EEE victim dead in 9 days, from ‘perfectly healthy to brain-dead,' brother said

What You Need to Know: Eastern Equine Encephalitis

WILLIAMSTON, Mich. — When a Michigan man in August contracted Eastern equine encephalitis (EEE), a rare mosquito-borne virus that can cause a fatal brain infection, in August, his family said the virus killed him in just over a week.

Kalamazoo resident Gregg McChesney, 64, was one of five victims nationwide who died from the potentially deadly virus this year.

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McChesney's death happened quickly, his brother told WOOD-TV.

“Late July, he was here at the farm, helping me put docks in at the pond,” Mark McChesney said.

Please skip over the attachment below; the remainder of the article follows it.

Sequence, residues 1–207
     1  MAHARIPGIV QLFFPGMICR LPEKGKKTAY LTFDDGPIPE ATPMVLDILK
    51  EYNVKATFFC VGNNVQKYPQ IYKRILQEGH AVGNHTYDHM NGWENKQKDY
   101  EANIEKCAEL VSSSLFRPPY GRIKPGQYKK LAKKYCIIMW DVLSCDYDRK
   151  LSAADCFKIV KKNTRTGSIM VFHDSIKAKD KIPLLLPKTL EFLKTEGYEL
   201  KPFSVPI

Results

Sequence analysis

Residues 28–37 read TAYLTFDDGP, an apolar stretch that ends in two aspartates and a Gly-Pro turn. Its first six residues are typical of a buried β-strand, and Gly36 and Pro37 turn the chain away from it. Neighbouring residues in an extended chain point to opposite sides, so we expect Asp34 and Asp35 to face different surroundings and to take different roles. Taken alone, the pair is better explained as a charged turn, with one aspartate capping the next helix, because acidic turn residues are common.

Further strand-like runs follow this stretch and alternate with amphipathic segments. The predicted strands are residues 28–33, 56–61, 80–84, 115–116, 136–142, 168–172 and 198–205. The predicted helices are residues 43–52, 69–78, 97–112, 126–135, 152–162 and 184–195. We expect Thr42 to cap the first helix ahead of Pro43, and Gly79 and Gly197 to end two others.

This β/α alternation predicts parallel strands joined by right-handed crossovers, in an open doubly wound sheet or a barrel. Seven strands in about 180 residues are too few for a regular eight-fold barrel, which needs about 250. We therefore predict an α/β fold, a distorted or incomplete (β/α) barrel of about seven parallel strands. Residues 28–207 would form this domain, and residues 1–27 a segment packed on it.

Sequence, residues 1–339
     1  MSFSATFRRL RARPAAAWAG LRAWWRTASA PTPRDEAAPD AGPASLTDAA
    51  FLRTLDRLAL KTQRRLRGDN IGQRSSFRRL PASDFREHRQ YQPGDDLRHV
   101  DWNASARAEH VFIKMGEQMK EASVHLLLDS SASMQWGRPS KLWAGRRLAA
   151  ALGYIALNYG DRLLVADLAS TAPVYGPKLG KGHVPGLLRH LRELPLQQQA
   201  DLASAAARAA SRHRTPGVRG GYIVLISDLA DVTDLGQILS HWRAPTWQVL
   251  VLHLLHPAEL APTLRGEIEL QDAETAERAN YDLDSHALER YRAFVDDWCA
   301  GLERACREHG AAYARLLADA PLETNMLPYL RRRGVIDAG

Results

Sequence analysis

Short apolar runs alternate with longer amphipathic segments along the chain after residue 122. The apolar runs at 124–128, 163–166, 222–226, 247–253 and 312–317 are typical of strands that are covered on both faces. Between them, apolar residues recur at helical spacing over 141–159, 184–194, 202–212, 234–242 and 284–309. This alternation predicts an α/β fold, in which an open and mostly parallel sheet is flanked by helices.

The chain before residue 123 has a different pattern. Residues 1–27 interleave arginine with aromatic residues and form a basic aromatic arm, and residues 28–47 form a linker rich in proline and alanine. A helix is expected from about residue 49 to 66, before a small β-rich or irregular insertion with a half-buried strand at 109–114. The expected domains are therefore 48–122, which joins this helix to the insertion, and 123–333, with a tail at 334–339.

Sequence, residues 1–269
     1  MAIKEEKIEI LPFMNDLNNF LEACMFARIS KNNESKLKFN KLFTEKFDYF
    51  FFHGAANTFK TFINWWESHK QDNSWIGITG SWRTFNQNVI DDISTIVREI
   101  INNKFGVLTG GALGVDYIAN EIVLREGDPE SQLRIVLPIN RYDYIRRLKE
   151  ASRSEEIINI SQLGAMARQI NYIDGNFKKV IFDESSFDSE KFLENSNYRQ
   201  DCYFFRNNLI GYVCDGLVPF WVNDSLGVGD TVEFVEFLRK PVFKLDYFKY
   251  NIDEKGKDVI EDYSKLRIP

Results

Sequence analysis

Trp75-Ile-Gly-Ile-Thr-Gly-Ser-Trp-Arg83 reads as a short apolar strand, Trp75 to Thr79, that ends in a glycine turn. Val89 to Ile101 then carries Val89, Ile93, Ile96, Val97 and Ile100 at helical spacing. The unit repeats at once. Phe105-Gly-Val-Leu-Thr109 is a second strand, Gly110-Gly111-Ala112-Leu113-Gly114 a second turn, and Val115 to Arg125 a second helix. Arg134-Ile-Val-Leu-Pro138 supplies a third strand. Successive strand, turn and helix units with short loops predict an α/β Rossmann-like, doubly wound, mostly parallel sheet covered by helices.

“He was a perfectly healthy, happy human being, and within a matter of nine days, he went from perfectly healthy to brain-dead. All of a sudden, he had a seizure, and next thing you know, he’s in the ER, and he just never came out of it.”

Doctors did not immediately know what had sickened Gregg McChesney, WOOD reported.

“Right off the bat, we were like, ‘How could this happen? What did happen?’” Mark McChesney said.

“We just didn’t know, and the doctors were just doing everything they could to try to say it was this or that, and they just couldn’t figure it out.”

Doctors didn't diagnose EEE in McChesney until several days after his death, the news station reported.

Michigan is experiencing its worst outbreak of EEE in more than 10 years. So far, state health officials have confirmed seven cases and three deaths.

Two other deaths from the mosquito-borne illness have been reported in Rhode Island and Massachusetts, and cases of EEE have been diagnosed this year in at least four states.

Only a handful of EEE cases are reported every year, according to the Centers for Disease Control and Prevention, but of those cases about 30% die and survivors can have ongoing neurological problems.